The Problem Child: Raising Godly Children in a Wicked World

The Problem Child

             Some of you, after reading this book, are probably thinking, "This is all fine and good, but I wish someone told me this years ago." What do you do if you started out your child rearing on the wrong foot?

             First, understand that things will not improve if you continue using the wrong methods. It is likely that you will not be able to completely repair all the previous damage that you may have inadvertently caused in your child's younger years. However, ignoring the problem and continuing your present course will not improve the matter. Sit down with your child and explain that you have been learning about parenting from God's Word and that you have discovered that you had been doing some things incorrectly. Apologize for the error and explain that you will be changing how you handle things in the future. Some aspects of the changes they may not like, but assure them that God said this is a better way. If your child is old enough, sit down with them and have a family Bible study on the topic of raising children. Not only will this warn them of the upcoming changes that you plan to make, it also helps them to understand God's Word so they will not make the same mistakes you made when they become parents.

             Second, you have a lot of lost ground to make up. It will not be easy and it will not come quickly. Where a forewarned parent has a number of years to adjust and tailor their child's training as the child is growing, you will have fewer years to get the same lessons accomplished. If you are starting with a teenager, you will not be able to concentrate on teaching self-control. You will have to also teach the lessons on obedience and responsibility that the child had missed. The concentrated lessons will not be enjoyable for you or the child, but they are necessary.

             Once in a while, a child will go astray despite our best efforts. It seems that most people I have met with wayward children feel they have done everything possible, but the child chose to stray. We are all free-agents, able to chose to obey or disobey our Lord. However, there are few families that I have met where it wasn't apparent that they had not been following God's teachings on raising children as closely as they should have been. The Bible lists a number of godly men who were unable to raise godly children. Eli, the High Priest of the Most High, raised wicked sons. The reason for his failure is clearly stated: he never restrained them (I Samuel 3:12-13). Like many modern philosophers, Eli did not punish his children for wrong doing, but let them do as they will. Sometimes, children raised without proper discipline grow up to be godly people, but it is despite their parent's instructions, not because of it. King David had a number of rebellious sons. In I Kings 1:5-6, Adonijah's rebellion was attributed to the fact that David always tried to please his children. We can't always be a chum with our children and raise them to be respectful and obedient. Children need correction. It is a part of their training.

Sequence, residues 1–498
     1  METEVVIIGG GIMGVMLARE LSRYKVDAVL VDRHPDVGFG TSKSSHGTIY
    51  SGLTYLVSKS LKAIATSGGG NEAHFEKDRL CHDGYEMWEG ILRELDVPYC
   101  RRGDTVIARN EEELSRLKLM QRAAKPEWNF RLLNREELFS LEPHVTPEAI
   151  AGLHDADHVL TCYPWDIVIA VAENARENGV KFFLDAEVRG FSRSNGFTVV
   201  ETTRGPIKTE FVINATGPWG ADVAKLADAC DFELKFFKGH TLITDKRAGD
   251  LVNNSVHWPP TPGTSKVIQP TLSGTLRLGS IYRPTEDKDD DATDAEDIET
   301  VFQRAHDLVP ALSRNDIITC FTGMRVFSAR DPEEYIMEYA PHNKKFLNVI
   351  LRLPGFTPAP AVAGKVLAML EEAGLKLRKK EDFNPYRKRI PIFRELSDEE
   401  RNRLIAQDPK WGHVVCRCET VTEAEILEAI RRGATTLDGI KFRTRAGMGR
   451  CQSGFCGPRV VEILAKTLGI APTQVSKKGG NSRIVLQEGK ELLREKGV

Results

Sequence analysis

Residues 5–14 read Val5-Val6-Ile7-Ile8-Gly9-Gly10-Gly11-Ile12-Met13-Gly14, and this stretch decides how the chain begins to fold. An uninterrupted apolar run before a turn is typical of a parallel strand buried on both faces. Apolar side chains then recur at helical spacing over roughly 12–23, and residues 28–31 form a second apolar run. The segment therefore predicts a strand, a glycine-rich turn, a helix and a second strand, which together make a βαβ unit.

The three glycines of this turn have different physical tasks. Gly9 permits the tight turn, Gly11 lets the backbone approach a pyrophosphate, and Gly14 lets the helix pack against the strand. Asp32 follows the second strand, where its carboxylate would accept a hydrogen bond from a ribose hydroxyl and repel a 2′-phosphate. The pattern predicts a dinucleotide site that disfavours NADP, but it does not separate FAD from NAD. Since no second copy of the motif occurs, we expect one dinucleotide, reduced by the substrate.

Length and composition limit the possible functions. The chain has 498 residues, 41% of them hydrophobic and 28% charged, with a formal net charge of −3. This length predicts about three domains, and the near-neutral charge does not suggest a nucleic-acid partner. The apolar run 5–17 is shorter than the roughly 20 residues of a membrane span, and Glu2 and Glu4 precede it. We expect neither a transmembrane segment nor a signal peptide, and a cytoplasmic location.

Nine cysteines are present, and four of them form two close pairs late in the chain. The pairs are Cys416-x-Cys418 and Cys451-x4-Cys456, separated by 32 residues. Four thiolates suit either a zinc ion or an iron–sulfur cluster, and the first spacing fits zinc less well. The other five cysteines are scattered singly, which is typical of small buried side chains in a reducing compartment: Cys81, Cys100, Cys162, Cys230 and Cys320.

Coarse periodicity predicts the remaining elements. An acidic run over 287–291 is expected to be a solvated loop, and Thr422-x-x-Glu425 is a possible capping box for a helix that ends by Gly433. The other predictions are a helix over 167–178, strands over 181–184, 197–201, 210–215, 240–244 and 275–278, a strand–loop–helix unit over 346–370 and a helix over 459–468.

Often, parents who raised their children with poor technique face their biggest challenge when their children reach their teenage years. The tranquil child now asserts his independence, but instead of moving towards godliness, he chases after the wicked. What is a parent to do? I will admit that I don't have all the answers. I don't even have most of the answers. The following are a few suggestions to consider in various situations.

Spanking: There is nothing in the Scriptures to indicate that spanking must be limited to young children. Many times you can find effective, non-spanking forms of discipline for older children. However, there are times when nothing better drives the point home than a simple spanking. Consider spanking as an option when you are dealing with willful rebellion, backtalk, or foul-language.

Restricted Privileges: Parents and children both assume that everything that comes their way is theirs by right. Few people learn to appreciate that most of the things that we take for granted are privileges. If this lesson would only sink into more people we would have fewer problems with pride. Sometimes a point is made by removing privileges of going places or engaging in certain entertainment activities. If you chose to punish by removing driving privileges or limiting television viewing, you must make sure that the consequences are spelled out before the violation occurs. Older children need to be able to weigh the temptation against the consequences. It makes the punishment much more effective.